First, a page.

I would imagine, judging from the comments, that everyone who reads this blog either has a first college degree or is on track to acquire one. Indeed, a rather large fraction of my readers have doctorates, I would guess. And yet nationwide [leaving aside the visitors from abroad], fewer than 3% of Americans 25 and older have earned doctorates.

In short, working class America is America, by any reasonable interpretation of the data. That puts the protests in Wisconsin in a somewhat different light, I think.

I shall continue with this line of thought tomorrow.


Murfmensch said...

Another issue of justice. It is very hard to make a degree count without some people being let in who end up without a degree.

We can't tell ahead of time who will fail to finish but it is hard to establish a standard without failing someone.

We can't train nurses and doctors without failing some of the people who were let in earlier to med school or into a nursing program.

Do we owe some consideration to the people who were "set up" this way? (I am not saying anyone is owed a degree.)

English Jerk said...

One topic that might deserve additional consideration in this context is the casualization of academic labor (which I seem to recall Dr. Wolff mentioning before, and which, in any case, I'm sure he's well aware of). At this point, the majority of the professoriat are not in tenure-track positions, which means that they have no academic freedom protection of any kind (not to mention adequate remuneration and job security). The push to casualization is thus a direct attack on the only institutional embodiment of disinterested rational inquiry in our society.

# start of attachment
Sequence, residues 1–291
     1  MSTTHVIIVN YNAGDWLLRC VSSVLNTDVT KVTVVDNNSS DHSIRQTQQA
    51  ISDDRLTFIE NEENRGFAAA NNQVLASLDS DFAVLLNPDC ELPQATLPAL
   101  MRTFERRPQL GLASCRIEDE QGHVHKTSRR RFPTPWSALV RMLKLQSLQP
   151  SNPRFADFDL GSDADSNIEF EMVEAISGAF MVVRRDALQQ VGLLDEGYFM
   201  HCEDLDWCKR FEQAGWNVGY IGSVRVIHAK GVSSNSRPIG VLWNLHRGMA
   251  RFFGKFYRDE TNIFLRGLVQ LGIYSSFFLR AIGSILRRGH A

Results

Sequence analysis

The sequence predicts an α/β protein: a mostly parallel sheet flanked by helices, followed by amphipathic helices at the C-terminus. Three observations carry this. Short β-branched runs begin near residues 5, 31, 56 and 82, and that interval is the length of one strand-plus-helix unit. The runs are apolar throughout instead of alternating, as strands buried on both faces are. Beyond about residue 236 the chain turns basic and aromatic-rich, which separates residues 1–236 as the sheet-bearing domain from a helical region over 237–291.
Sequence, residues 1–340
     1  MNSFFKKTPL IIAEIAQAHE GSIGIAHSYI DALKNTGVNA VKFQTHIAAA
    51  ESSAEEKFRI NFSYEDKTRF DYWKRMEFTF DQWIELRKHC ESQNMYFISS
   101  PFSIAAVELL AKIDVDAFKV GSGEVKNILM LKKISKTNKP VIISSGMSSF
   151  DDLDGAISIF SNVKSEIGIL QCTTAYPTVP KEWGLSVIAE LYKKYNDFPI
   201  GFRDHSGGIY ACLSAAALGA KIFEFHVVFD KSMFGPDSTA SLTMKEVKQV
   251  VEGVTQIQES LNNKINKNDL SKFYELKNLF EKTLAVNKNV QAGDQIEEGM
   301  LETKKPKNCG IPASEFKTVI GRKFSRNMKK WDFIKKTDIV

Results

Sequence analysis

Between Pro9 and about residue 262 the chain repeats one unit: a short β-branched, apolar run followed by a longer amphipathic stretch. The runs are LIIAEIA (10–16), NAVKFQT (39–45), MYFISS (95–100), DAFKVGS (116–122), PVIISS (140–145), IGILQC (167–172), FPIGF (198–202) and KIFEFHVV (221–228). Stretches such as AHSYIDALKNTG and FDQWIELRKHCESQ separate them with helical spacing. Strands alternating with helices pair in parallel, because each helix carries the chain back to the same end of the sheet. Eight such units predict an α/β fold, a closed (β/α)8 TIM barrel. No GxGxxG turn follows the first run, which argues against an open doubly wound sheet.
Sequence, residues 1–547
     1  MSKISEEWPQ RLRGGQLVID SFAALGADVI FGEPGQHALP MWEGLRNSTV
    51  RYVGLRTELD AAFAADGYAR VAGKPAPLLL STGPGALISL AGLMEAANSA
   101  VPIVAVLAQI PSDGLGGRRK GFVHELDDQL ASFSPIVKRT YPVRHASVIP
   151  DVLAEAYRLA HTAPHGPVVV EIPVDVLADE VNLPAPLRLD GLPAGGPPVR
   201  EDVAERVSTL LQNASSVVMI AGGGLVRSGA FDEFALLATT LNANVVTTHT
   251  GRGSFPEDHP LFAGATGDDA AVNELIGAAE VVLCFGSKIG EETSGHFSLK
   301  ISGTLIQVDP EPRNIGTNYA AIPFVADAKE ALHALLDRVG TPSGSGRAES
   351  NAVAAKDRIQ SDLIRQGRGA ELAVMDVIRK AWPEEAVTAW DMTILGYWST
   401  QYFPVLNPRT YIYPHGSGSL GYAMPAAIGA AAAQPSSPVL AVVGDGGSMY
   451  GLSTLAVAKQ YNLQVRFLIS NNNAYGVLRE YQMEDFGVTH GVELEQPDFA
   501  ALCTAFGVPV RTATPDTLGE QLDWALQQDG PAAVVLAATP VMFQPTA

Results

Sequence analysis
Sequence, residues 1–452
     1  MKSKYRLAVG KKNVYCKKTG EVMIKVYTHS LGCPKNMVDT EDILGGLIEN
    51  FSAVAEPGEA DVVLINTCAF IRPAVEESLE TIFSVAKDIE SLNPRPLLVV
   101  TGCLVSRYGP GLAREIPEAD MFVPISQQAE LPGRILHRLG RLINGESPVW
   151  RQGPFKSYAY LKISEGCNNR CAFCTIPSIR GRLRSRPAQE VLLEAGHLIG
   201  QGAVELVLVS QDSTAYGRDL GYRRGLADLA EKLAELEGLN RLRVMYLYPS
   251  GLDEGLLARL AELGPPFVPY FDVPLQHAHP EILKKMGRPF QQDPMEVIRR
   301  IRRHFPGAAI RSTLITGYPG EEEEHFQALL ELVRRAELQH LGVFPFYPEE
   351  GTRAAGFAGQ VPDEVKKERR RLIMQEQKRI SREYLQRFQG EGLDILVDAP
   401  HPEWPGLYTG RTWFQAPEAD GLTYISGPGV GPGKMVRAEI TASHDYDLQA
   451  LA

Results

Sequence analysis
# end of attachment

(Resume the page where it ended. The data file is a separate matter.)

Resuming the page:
And, needless to say, even if you have a doctorate, you are still likely to be earning wages below the poverty line, which surely puts you in the working class (unlike tenure-stream professors, who are part of management and will often, when it comes to action rather than platitudes, behave accordingly).

Casualization also, of course, has other undesirable effects, not least on students. Students frequently find the transition to college traumatic in various ways, and it's often the case that the only class they have that's small enough that the professor knows their name is also the class that's taught by somebody who could be fired for no reason next semester (or rather, "not rehired"). What message does this communicate to students about the value of rational inquiry?

So it seems to me that these particular economic/institutional facts on the ground are a serious obstacle to offering what (for me) is the only serious defense of higher education, namely its research mission (which its teaching mission, properly conceived, is defined with reference to--not least because students should always be taught be active researchers). Such are my tuppence, anyway.